Creating Open Source Lecture Materials: A Guide to Trends, Technologies, and Approaches in the Information Sciences

Creating Open Source Lecture Materials: A Guide to Trends, Technologies, and Approaches in the Information Sciences

William H. Hsu (Kansas State University, USA)
Copyright: © 2015 |Pages: 27
DOI: 10.4018/978-1-4666-7363-2.ch004
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This chapter surveys recent and continuing trends in software tools for preparation of open courseware, in particular audiovisual lecture materials, documentaries and tutorials, and derivative materials. It begins by presenting a catalog of tools ranging from open source wikis and custom content management systems to desktop video production. Next, it reviews techniques for preparation of lecture materials consisting of five specific learning technologies: animation of concepts and problem solutions; explanation of code; video walkthroughs of system documentation; software demonstrations; and creation of materials for instructor preparation and technology transfer. Accompanying the description of each technology and the review of its state of practice is a discussion of the goals and assessment criteria for deployed courseware that uses those tools and techniques. Holistic uses of these technologies are then analyzed via case studies in three domains: artificial intelligence, computer graphics, and enterprise information systems. An exploration of technology transfer to college and university-level instructors in the information sciences then follows. Finally, effective practices for encouraging adoption and dissemination of lecture materials are then surveyed, starting with comprehensive, well-established open courseware projects that adapt pre-existing content and continuing through recent large-scale online courses aimed at audiences of tens to hundreds of thousands.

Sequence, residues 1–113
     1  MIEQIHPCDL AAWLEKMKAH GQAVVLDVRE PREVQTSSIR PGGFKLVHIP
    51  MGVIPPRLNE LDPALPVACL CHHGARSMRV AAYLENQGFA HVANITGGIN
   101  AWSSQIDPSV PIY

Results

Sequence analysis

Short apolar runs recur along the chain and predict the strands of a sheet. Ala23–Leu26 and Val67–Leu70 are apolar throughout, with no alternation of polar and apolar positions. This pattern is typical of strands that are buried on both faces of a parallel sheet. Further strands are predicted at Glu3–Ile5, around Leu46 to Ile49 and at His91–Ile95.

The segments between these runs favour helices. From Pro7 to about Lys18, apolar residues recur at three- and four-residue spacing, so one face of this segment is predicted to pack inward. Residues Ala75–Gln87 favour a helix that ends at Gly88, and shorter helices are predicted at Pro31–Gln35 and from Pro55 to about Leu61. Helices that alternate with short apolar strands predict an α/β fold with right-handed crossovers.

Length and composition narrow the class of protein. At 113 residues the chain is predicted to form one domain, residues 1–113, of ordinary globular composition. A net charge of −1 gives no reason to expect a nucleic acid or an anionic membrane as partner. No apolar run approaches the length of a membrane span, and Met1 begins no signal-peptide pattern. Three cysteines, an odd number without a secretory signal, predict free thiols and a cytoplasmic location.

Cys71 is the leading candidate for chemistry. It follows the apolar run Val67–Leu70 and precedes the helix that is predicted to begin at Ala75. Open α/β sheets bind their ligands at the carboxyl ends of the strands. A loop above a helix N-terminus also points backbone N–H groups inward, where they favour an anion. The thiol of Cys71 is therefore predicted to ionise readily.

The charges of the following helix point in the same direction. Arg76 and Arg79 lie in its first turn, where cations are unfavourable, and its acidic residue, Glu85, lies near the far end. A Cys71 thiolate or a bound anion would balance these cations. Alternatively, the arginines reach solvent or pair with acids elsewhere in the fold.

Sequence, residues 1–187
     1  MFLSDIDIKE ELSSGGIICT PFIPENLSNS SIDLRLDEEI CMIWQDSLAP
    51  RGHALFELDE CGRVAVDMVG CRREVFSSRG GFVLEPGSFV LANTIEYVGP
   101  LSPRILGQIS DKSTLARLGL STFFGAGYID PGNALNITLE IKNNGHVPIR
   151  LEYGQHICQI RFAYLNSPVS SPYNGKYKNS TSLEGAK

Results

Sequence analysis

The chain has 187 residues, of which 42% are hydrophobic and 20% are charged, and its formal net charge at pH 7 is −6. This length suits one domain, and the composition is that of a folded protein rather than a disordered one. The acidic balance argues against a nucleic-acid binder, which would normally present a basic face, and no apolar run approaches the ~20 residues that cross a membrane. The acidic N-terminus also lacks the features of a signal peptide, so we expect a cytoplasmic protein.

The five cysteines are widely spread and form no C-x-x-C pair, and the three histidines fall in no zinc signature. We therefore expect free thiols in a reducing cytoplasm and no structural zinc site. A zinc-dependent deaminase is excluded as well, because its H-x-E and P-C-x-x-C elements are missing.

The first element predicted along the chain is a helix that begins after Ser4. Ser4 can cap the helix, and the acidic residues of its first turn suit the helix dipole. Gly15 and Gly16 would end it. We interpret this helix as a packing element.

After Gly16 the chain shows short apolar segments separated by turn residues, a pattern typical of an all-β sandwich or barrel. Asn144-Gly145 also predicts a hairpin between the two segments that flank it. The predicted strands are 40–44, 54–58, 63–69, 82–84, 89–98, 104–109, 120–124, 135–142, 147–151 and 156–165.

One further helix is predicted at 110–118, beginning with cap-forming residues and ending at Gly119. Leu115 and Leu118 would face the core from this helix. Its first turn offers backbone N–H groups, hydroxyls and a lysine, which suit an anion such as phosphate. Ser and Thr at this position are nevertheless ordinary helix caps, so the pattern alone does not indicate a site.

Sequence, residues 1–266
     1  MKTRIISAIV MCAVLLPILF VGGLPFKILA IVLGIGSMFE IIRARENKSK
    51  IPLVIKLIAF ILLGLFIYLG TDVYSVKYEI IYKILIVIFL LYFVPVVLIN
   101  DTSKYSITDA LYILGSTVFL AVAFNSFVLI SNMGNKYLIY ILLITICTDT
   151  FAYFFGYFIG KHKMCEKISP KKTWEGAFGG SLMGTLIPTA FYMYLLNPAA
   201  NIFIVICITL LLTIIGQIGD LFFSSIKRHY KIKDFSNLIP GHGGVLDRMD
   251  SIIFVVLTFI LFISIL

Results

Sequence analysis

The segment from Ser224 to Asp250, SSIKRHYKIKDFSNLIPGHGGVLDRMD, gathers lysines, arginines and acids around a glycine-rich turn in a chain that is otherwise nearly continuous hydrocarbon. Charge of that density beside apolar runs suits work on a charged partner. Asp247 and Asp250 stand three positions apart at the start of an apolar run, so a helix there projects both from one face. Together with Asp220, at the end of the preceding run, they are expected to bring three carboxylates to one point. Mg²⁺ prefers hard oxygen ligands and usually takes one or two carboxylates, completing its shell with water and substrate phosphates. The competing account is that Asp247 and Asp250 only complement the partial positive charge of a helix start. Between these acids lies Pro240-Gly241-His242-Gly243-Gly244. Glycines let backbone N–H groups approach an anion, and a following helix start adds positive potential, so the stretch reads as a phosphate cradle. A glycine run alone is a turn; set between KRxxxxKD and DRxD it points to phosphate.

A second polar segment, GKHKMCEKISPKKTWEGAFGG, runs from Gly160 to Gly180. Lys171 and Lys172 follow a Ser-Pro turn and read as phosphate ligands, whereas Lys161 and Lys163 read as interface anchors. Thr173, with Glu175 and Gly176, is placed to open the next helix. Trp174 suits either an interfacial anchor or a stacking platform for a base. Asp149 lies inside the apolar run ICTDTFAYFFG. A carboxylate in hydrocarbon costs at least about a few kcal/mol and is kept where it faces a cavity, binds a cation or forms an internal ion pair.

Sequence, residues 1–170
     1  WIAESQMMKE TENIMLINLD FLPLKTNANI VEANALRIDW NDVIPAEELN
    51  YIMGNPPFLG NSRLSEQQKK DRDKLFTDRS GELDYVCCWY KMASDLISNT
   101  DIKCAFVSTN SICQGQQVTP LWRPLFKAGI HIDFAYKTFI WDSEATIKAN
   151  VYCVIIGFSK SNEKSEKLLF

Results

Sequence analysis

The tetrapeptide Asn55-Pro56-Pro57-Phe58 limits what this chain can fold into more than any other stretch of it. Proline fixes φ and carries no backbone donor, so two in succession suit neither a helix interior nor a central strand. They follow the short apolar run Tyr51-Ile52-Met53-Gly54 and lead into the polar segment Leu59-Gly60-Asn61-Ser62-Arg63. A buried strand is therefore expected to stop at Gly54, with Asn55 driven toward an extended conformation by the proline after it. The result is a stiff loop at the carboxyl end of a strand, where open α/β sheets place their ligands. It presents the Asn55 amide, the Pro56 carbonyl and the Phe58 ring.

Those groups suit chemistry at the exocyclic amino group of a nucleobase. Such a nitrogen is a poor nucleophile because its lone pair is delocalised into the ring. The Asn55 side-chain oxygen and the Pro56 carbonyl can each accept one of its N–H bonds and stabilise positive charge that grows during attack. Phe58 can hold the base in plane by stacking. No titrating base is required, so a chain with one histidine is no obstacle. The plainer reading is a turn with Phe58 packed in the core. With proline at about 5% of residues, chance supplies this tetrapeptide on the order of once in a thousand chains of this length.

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1.1 Tools

This section provides a brief history of open educational resources (OER) for the information sciences, followed by a taxonomic survey of OER development tools.

1.1.1 Brief History

Open educational resources (OER) for the information sciences date back to the early decades of the field, beginning with the development of PLATO (Programmed Logic for Automated Teaching Operations), the first computer-assisted instruction (CAI) system, at the University of Illinois. (Van Meer, 2003; PLATO History Foundation, 2011) The first version of PLATO, implemented on the ILLIAC I circa 1960, included what is now termed lessonware and was funded jointly by the U.S. Army, Navy, and Air Force. Meanwhile, by the late 1960s, video lecture consortia such as the Stanford Honors Co-op were delivering proprietary closed-circuit television content to corporate sponsors (House & Price, 2009). The 1970s brought a wave of intelligent tutoring systems (Carbonell, 1970; Sleeman & Brown, 1982; Iiyoshi & Kumar, 2008). By the 1980s, cable-access distance learning and extension courseware had begun to be distributed using precursors of open source licenses, culminating in the founding of the Free Software Foundation in 1985 and the first releases of the Berkeley Standard Distribution (BSD) License (1988), GNU General Public License (1989), Open Content License (1998), and Creative Commons License (2001). (Free Software Foundation, 2012) Abelson, a founder of the Massachusetts Institute of Technology OpenCourseWare (MIT OCW) initiative (Abelson, The Creation of OpenCourseWare at MIT, 2007; Attwood, 2009) and founding member of Creative Commons (Creative Commons Corporation, 2011), had been distributing Structure and Interpretation of Computer Programs, a leading introductory textbook in computer science, online. With the advent of MIT OCW, video lectures prepared for the MIT/Hewlett-Packard consortium (House & Price, 2009) as early as 1986 were made available (Abelson, 2005).

1.1.2 Technologies for Producing Open Source Software

When discussing “open source tools,” professionals and students in science, technology, engineering, and mathematics (STEM) fields often refer only to open source software (DiBona, Ockman, & Stone, 1999; Raymond, 1999; Open Source Initiative, 2006)1 rather than the more general concept of open content (Wiley, 2011) as coined by David Wiley in 1998 (Wikipedia, 2012). The means of production are diverse for both forms of creative work, with free redistribution and access being the unifying characteristic. For open source software, however, the chief production technologies are software engineering tools: integrated development environments; content management systems; and version control systems, also known as “source code control systems.”